But others inside and outside the White House cast doubt on the task force’s significance and reach, suggesting it was a lower priority for the administration and pointing out that similar measures have been tried by previous presidents with middling success. The assignment revived lingering questions about whether Kushner had opted to focus his time on a project that would put him at some distance from some Trump’s more conservative and controversial policy overhauls.

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The announcement came just days after Kushner and his wife, Ivanka Trump, were photographed on the ski slopes of Aspen, Colorado, as the GOP health care deal began to unravel amid protests from conservative Republicans that it did not go far enough in replacing President Barack Obama’s Affordable Care Act. Kushner rushed back to Washington on Friday but it was too late to save the bill, which was scuttled hours later by House Speaker Paul Ryan.

Two people close to Kushner vehemently denied the president was upset at his son-in-law for being absent, saying Trump had given the trip his blessing. And a senior White House official insisted the timing of the task force announcement was planned weeks in advance.

Kushner, who has been at his father-in-law’s right hand since the campaign, has long been viewed as a first-among-equals among the disparate power centres competing for the president’s ear. Kushner, who routinely avoids interviews, draws power from his ability to access Trump at all hours, including the White House residence often off-limits to staffers.

Donald Trump is joined by his daughter Tiffany, left, and son-in-law Jared Kushner as he speaks during a news conference at the Trump National Golf Club Westchester, Tuesday, June 7, 2016, in Briarcliff Manor, N.Y. (AP Photo/Mary Altaffer)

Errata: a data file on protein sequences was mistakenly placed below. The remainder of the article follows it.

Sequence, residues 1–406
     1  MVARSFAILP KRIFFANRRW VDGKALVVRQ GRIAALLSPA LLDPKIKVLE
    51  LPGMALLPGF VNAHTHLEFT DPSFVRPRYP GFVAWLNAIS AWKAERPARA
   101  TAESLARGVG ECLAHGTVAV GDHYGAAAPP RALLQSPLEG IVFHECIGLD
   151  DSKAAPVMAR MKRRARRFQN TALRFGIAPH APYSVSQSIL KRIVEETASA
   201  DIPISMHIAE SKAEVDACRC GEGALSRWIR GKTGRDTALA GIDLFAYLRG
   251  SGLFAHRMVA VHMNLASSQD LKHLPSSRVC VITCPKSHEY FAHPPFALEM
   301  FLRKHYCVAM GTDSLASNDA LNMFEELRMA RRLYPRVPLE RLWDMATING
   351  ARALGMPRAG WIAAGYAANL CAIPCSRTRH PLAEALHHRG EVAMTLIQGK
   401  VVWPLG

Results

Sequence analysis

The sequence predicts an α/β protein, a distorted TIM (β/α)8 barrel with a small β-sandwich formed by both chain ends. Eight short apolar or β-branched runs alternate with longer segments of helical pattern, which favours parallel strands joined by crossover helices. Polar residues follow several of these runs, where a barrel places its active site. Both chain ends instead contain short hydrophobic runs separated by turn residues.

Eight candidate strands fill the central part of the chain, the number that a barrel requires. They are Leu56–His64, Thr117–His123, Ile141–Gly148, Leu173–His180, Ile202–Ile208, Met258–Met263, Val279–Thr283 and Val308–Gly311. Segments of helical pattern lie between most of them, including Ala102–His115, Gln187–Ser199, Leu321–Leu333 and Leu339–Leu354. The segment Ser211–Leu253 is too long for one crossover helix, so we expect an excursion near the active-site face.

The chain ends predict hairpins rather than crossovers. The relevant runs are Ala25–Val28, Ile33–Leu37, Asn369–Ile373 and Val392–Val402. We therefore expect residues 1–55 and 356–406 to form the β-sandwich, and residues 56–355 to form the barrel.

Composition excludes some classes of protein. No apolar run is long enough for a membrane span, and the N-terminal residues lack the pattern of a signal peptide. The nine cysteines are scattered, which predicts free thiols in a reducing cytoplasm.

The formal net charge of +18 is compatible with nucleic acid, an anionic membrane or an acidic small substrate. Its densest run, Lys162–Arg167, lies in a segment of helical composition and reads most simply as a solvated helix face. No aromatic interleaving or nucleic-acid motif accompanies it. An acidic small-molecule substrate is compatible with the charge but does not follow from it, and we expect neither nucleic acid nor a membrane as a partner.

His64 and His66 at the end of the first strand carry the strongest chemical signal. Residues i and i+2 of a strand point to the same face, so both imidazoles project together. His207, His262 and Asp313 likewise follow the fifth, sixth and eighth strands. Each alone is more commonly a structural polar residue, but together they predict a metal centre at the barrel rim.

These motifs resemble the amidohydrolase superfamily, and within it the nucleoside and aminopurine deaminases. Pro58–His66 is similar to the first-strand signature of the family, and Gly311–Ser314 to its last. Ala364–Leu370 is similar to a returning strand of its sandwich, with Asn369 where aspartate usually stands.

(AP Photo/Mary Altaffer)

His portfolio is robust: He has been deeply involved with presidential staffing and has played the role of shadow diplomat, advising on relations with the Middle East, Canada and Mexico. Though Kushner and Ivanka Trump have been spotted with some frequency on the Washington social circuit, the president’s son-in-law is routinely in the office early and leaves late, other than on Fridays when he observes the Sabbath.

While those close to Trump flatly state that Kushner, by virtue of marriage, is untouchable, this is a rare moment when he has been the centre of the sort of political storm that has routinely swept up the likes of White House chief strategist Steve Bannon, chief of staff Reince Priebus and senior counsellor Kellyanne Conway. It points to a White House whose power matrix is constantly in flux.

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Kushner has been closely allied with senior counsellor Dina Powell and National Economic Council director Gary Cohn, the former Goldman Sachs executive and a registered Democrat. That group has, at times, been at odds with conservatives led by Bannon, who to this point has been the driving force behind the White House’s policy shop.